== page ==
Pretty hideous, right?
A lot has been written about the all-new Ford Mustang Mach-E lately that it can be hard to keep up. Ford's first-ever built-from-scratch electric vehicle, will face off directly against the Tesla Model Y and upcoming Audi Q4 e-tron, to name just a few rivals. The fact that Ford decided to expand the Mustang brand will remain a source of debate for the foreseeable future. But so far, the Mach-E is living up to the hype.
Ford Executive Chairman Bill Ford even refused to return a prototype to engineers because he enjoyed driving it so much. Originally, however, the Mach-E wasn't intended to get the Mustang nameplate, while the exterior design was on course to be very different.
The Detroit Free Press has obtained from Ford early design drawings of a less than thrilling Mach-E (or whatever it might have been named).
Back in spring 2017, now-former CEO Jim Hackett gave Jim Farley, who has since become CEO, a new role. The two of them decided to closely examine all upcoming product programs and broke them down into three categories: vehicles whose designs were too late to be changed within the product development process, some that were far along but time still remained to make some adjustments, and those only at the beginning.
The Mach-E, along with the Bronco Sport, fell into the middle category. Hackett saw the Mach-E prototypes, the images you're seeing here, and wasn't satisfied. Neither was Farley, who also saved the Bronco Sport from a lame design. "When I first saw it… I said, 'Oh, boy. Houston, we have a problem.' The vehicle looked like a science project," Farley said.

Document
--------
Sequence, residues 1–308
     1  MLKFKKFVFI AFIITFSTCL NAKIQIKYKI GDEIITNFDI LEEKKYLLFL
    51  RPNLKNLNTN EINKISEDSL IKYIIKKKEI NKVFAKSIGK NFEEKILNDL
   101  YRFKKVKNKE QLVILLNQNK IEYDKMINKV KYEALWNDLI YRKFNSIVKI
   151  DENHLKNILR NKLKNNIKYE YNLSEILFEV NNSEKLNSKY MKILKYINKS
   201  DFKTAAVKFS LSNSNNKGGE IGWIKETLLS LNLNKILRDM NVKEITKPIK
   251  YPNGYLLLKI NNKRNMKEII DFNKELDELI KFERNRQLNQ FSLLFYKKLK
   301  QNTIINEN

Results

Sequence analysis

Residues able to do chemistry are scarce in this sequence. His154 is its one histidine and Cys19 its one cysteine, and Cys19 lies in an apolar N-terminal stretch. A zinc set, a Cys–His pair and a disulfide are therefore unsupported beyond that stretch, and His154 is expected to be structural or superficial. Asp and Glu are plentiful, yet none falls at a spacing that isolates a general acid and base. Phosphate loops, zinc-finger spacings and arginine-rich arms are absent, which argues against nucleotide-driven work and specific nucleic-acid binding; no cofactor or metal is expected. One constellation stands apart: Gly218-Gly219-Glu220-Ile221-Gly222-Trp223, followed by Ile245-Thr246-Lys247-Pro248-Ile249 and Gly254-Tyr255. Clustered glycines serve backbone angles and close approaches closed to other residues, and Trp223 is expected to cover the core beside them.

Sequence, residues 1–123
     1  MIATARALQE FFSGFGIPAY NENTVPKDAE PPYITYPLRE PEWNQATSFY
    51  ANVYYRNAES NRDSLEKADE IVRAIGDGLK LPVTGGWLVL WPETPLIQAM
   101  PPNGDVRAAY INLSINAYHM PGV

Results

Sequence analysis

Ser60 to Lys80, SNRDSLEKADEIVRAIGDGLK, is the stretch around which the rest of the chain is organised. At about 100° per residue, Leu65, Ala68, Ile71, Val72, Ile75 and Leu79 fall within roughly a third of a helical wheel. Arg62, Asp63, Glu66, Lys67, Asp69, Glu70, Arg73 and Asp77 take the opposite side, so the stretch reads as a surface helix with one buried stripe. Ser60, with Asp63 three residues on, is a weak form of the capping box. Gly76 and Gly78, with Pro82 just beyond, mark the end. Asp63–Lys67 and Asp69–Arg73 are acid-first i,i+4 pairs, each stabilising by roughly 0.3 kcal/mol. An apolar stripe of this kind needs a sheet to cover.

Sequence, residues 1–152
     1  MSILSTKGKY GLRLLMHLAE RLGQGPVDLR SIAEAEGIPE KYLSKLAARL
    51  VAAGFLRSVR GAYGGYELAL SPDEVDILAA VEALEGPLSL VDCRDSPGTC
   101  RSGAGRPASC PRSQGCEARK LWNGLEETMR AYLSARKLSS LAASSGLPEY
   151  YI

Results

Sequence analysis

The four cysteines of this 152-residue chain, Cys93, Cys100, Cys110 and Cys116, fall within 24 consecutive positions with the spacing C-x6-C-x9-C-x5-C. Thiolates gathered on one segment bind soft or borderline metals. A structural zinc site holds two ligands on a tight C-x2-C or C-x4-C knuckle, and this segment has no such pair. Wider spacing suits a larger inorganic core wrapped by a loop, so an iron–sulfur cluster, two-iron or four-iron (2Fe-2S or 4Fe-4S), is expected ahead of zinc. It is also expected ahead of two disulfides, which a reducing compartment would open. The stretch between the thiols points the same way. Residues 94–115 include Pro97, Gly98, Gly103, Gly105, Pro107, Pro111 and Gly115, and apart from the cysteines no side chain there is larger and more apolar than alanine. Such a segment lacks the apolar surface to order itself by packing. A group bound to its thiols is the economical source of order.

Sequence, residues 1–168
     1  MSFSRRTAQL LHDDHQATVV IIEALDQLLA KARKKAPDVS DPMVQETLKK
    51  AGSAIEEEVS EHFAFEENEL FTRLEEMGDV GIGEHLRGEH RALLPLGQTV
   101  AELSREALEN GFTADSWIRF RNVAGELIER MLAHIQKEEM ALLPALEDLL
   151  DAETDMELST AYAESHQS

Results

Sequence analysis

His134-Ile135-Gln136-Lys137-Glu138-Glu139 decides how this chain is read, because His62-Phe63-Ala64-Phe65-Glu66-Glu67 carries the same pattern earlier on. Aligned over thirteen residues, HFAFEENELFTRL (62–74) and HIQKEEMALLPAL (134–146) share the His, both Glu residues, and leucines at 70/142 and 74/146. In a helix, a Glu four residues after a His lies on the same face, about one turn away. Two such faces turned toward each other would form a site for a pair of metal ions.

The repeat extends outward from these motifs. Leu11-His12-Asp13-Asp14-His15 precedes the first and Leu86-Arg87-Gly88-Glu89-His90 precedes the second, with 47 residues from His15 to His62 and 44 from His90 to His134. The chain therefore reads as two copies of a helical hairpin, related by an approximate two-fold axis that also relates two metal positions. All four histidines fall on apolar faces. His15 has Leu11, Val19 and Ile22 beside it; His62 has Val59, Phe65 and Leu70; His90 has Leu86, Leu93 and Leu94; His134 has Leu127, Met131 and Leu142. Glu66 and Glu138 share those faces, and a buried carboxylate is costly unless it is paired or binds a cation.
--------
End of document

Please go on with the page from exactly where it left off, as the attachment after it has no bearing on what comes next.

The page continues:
The decision was made to start over completely, and Farley played a huge role. Farley told designers to use the Mustang as inspiration. Above all, he encouraged them to abandon their comfort zones. At this time, Hackett and Farley came up with the idea of expanding the Mustang brand but knew it'd be a hard sell to Ford himself, a lifelong Mustang fan.
All three knew it'd be controversial but a new design direction began to appear. "The designers were unleashed," said Ford's chief communications officer, Mark Truby. And then Bill Ford saw and drove the prototype, and walked away convinced the new design and Mustang name were a winning combination.